At the moment I am working on a book of linked short stories called Fishwives.  The title story of this would-be collection won first place in Saints and Sinners Fiction contest.  The stories orbit around a poor elderly lesbian couple – a novel about the exploits of a jaded RN who is trying to stay sane while working in a state run institution, taking care of her elderly parents and having an affair with a married co-worker.   This one features two queer teens, tattoos, and as ever, squabbling sisters – and always poetry and essays.
      Also I have many published pieces about my mom and dad that I should put together as a collection.  And probably a book’s worth of published erotica.

Question to Self
How does it feel to finally be a debut novelist?  Do you consider yourself a debutante?

I’m thrilled to be a debut novelist.  I can’t wait to hold the actual finished, signed sealed delivered copy of The Girls Club in my hands.  I love my publishers at Bywater Books, Kelly Smith Marianne K Martin, and Val McDermid because they are lovable and because they published my book.
      And, yes, although at no point in my life could I be called ‘an upper-class woman making a formal debut into society’ I do consider myself a debutante.  I plan to hijack this word, flaunt the fact that I have a debut coming-out novel about working class sisters and queers, buy myself large sparkly hoop earrings and strappy shoes, and call myself a debutante at every opportunity.

Question to Self
How do plan to find a way to brag about your granddaughter as part of the publishing process?

Pictures, anecdotes, short stories, slide projections, poems, essays. 

Sally's blog:
Bywater Books:

Friday, 3 June 2011

Theodora: Courtesan, Whore, Empress

 My special guest blogger this week is the utterly charming Stella Duffy. 
   Stella and met a few years ago when she was in Melbourne on an author tour from the UK to New Zealand and Australia. 
   This time the author tour is virtual but just as welcome.

Stella Duffy has written twelve novels. Theodora, Actress, Empress, Whore, published by Virago (UK) in 2010 and by Viking Penguin (US) in 2011, is her first historical novel. The Room of Lost Things and State of Happiness were both longlisted for the Orange Prize, and she has twice won Stonewall Writer of the Year. She has written over forty short stories, including several for BBC Radio 4, and won the 2002 CWA Short Story Dagger for Martha Grace. She is currently working on the sequel to Theodora as well as several film and theatre projects. Stella is also a theatre-maker, has written eight plays, and directs for Shaky Isles, a NZ theatre company based in London. She was born in London, grew up in New Zealand, and has lived in the UK since 1986. She is married to the writer Shelley Silas.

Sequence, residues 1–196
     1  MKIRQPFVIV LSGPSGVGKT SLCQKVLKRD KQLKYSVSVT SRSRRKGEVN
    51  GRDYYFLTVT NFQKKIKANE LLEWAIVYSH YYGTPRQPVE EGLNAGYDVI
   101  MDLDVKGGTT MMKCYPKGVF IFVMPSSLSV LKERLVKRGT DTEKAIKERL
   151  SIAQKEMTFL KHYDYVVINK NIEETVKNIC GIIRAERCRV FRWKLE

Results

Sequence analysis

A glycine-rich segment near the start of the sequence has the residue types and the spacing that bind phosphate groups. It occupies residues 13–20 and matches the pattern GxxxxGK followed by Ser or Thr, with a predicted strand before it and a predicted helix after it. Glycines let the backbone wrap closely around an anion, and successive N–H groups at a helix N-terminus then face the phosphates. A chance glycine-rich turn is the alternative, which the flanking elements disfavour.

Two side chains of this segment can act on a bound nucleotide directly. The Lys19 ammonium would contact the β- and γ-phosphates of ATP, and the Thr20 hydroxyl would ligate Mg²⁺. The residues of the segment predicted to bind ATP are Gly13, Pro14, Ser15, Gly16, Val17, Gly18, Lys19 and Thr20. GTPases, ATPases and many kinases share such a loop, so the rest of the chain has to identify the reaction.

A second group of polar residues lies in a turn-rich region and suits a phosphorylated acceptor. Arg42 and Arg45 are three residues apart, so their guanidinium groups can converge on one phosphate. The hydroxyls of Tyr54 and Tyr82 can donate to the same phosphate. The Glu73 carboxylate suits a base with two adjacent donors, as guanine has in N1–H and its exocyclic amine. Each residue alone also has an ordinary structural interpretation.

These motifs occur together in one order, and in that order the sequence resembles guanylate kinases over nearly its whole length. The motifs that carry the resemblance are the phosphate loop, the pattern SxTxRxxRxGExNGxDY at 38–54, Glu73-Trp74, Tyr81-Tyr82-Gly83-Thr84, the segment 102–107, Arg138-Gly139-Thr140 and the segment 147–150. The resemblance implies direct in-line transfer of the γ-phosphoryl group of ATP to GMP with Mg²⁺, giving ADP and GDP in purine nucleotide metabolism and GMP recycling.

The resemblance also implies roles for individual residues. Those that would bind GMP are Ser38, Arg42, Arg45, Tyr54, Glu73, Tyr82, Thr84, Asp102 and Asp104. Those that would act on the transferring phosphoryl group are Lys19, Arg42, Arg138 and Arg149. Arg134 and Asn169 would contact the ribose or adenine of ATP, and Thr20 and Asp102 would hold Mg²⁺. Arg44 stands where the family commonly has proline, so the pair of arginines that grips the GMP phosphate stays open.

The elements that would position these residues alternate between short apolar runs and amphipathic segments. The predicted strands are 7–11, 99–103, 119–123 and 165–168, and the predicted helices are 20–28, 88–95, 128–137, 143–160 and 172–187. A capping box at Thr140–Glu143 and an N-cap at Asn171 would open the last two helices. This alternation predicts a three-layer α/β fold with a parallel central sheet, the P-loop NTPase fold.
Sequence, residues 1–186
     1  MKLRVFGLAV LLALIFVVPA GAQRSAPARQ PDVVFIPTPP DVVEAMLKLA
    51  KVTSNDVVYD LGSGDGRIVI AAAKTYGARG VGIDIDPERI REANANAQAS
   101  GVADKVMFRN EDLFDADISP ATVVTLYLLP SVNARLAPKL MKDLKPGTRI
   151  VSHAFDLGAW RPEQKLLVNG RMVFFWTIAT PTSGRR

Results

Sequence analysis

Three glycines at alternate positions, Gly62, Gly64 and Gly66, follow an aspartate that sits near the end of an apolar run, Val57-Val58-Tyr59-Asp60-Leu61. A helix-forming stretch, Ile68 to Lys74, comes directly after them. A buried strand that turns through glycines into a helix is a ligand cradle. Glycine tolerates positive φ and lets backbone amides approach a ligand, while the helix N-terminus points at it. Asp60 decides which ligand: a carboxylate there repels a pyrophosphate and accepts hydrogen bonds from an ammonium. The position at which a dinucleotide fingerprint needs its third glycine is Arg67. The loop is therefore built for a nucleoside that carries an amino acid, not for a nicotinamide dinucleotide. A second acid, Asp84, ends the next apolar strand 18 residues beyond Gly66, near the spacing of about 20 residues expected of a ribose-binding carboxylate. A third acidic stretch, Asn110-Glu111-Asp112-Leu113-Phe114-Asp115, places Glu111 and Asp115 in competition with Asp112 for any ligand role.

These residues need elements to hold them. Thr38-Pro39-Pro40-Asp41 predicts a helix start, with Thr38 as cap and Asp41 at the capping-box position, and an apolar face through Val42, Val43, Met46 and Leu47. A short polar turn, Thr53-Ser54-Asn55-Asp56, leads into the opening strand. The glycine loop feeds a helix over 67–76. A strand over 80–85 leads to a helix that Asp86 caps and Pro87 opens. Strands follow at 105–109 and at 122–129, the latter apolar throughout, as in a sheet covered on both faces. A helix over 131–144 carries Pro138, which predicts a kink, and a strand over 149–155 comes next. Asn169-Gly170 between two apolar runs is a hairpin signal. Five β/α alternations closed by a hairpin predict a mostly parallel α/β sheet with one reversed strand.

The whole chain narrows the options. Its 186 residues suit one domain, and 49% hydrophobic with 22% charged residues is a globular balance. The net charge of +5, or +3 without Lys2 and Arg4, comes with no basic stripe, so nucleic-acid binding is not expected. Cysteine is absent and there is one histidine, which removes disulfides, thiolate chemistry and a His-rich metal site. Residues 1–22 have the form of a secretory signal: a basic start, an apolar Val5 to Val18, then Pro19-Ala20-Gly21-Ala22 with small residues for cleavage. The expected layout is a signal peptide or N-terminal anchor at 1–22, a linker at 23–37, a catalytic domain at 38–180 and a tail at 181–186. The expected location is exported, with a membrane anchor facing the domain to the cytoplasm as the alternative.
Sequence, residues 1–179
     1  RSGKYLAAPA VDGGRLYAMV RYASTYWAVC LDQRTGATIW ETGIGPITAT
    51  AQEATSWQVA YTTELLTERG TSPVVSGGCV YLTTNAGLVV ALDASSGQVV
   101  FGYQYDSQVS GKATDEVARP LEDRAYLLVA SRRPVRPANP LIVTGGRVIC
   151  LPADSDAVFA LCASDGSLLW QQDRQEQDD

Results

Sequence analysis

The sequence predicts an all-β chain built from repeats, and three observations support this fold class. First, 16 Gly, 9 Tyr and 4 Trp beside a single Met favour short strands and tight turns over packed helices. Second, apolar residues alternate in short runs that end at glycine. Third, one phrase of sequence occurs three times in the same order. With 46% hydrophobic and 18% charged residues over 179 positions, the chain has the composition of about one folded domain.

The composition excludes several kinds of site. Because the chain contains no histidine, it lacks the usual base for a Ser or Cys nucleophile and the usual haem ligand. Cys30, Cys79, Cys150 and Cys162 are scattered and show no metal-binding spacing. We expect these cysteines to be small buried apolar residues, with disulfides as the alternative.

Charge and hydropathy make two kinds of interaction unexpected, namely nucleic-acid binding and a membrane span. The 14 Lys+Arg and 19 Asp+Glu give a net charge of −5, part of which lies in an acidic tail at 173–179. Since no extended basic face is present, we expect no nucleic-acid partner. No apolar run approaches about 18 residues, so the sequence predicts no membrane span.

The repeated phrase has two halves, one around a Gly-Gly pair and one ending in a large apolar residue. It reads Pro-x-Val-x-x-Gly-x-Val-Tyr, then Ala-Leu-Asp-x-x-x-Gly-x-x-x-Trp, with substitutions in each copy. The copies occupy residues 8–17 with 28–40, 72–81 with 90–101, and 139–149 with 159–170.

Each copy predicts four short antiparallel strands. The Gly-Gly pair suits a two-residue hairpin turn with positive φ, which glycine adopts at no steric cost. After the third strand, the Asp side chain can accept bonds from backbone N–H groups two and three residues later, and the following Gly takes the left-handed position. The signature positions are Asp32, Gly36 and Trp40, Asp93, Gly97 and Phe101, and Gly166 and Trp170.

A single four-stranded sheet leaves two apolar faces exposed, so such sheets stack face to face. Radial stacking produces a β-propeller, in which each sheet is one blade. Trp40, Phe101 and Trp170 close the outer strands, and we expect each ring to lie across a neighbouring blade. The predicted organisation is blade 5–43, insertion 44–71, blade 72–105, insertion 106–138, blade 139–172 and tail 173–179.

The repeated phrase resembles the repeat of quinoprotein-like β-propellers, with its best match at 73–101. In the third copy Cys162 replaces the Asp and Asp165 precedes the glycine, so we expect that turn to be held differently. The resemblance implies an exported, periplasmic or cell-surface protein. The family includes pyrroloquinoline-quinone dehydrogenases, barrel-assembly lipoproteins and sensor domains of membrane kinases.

Lindy and I are both published by Bywater Books in the US where the lesbian fiction market seems much more prominent than in the UK. While many successful lesbian writers in the UK sell very successfully in the mainstream as well as to readers who are gay (which is a great thing in itself), there doesn’t seem to be as obvious a UK market for publishers targeting specifically lesbian readers, in the way there is in the US. 

   Bywater have recently published my Parallel Lies (picking up some nice nods from award-givers in the US) which means I’m in the odd position of doing this Bywater Books blog tour – to  Australia now, thanks to Lindy – but Parallel Lies actually came out in Australia and NZ some years ago, under the Virago imprint.
    Sowhile mentioning Bywater yet again!I’m going to tell you about a new novel you can get hold of in Australia and New Zealand, and while it’s not specifically gay in premise, it certainly does have some lesbian content – promise!
    In September 2006 I’d never heard of the Empress Theodora, the Emperor Justinian, or the Ravenna mosaics, which the Italians considered the eighth wonder of the world for some time. In my defence I’d claim a lack of Euro-centricity rather than sheer ignorance. I grew up in Tokoroa in New Zealand, not so very far away we had the memory of the Pink and White Terraces as our eighth wonder. I’m guessing not many Italians have heard of them either! The organisers of the festival were horrified and arranged a trip to see the mosaics.
A near-empty church, a few tourists, and an astonishing, vibrant, 1500-year-old mosaic of Theodora. I figured she had to matter. In the gift shop, I bought a bunch of postcards and the booklet about Theodora. One of those postcards has been on my noticeboard for coming up four years now. The booklet took maybe five minutes to read and, combined with the mosaics, lead to three years of work, with at least another six months to go on the edit for the sequel.
Theodora’s life is astonishingly rich. Born to the bear-keeper of the Constantinople Hippodrome in about 500 AD, her father died when she was five. She became an actress, a dancer, a mime, a comedian – none of our modern terms fully cover what her work would have been in those days. A physically-trained comedy improviser is perhaps closest, and by the age of 15 she was the star of the Hippodrome. She was also, as almost all actresses were at the time, very likely a child prostitute.
I started my working life in theatre, and while my main job is writing, I have not stopped making theatre – and I have never called myself an actress. Plenty of theatre makers use ‘actor’ for both men and women, and have done since the late 70’s. It’s long been recognised that the word actress can have a derogatory aspect to it, and the truth is that as soon as women were allowed on stage it very quickly also became a term that meant courtesan, whore, prostitute – which, in the case of Theodora and very many young women like her, was exactly what they were.